You'll find gondolas and gondoliers throughout the main tourist areas, from Tronchetto and the Piazzale Roma (where motorists park their cars) to the Rialto Bridge area, the Doge's Palace, and busy pedestrian crossings along the secondary canals. Chances are, you'll encounter men who politely ask "Gondola?" as you walk past the flotillas of parked boats.


  • Decide what kind of trip you want, then find a gondola stand in the area nearest your destination. For example, if you'd like to experience the hubbub of the Grand Canal, hire a gondola near the Doge's Palace or the Rialto Bridge.

    If, on the other hand, you'd rather tour the quiet and romantic side canals, book a gondola away from the vaporetti and water taxis. (The latter may be the best idea if boats make you nervous or if you're inclined to seasickness.)

  • If you'd rather not deal with gondoliers, or if you prefer music with your ride, consider booking a tour through a travel agency.

    Viator offers online reservations for the Gondola Serenade Tour and other excursions; you can book ahead and lock in the price by prepaying in your own currency.

The traghetto: a two-euro gondola crossing

Traghetto on Grand Canal in Venice, Italy.

ABOVE: A traghetto crosses the Grand Canal.

Venice's best transportation value is the traghetto, a public gondola ferry.

A traghetto, also called a gondola parada, is a larger version of the usual gondola da nola, carrying 10 instead of five passengers. You'll pay €2 to cross the Grand Canal at one of the half-dozen ferry points between the railroad station and the Campo del Traghetto near St. Mark's Square.

The ride is short, and service can be sporadic these days, but the experience is memorable--especially if you emulate the Venetians by standing up during the crossing. For more information and photos, see our Traghetti article.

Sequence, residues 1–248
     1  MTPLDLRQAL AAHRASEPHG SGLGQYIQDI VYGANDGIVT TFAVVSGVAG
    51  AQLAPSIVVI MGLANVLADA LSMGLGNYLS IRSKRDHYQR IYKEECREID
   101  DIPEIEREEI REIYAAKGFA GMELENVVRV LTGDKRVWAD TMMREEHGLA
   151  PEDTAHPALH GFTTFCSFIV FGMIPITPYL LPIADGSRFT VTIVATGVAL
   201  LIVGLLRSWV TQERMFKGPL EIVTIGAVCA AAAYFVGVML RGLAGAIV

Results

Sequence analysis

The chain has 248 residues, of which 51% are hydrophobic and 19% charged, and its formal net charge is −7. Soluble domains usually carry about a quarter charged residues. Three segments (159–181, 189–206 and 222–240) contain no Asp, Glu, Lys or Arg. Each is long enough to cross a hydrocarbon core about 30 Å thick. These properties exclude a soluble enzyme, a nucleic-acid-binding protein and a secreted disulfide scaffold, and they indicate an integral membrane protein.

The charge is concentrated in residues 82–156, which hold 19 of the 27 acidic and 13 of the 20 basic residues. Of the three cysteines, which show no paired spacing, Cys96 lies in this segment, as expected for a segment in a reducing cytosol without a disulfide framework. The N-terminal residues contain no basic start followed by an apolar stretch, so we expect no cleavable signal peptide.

External Web links

Gondola on Grand Canal.

Official Gondola Site
Learn about the gondola's history, or assemble a bibliography of books (mostly in Italian) about gondolas and Venice. The site also discusses the traghetti or gondola ferries across the Grand Canal.

Official Gondola Tariffs (City of Venice)
The city's Italian-language gondola page shows official rates and locations where you can hire gondoliers. (Caveat: The quoted rates aren't always up to date.)

Gondola fares sign in Venice.

ABOVE: Signs near gondola stations show current rates.

The Gondola Maker
Laura Morelli has written an historical novel about a gondola maker who "restores an old gondola with the dream of taking a girl for a ride." (The novel has been praised by Publishers Weekly and by Francis Mayes, author of Under the Tuscan Sun.)

Related articles:
'Gondola Serenade' tours (gondola rides with music)
Traghetti (gondola ferries across the Grand Canal)
Squero di San Trovaso (gondola boatyard)

About the author:

Durant Imboden photo.Durant Imboden has written about Venice, Italy since 1996. He covered Venice and European travel at for 4-1/2 years before launching Europe for Visitors (including Venice for Visitors) with Cheryl Imboden in 2001.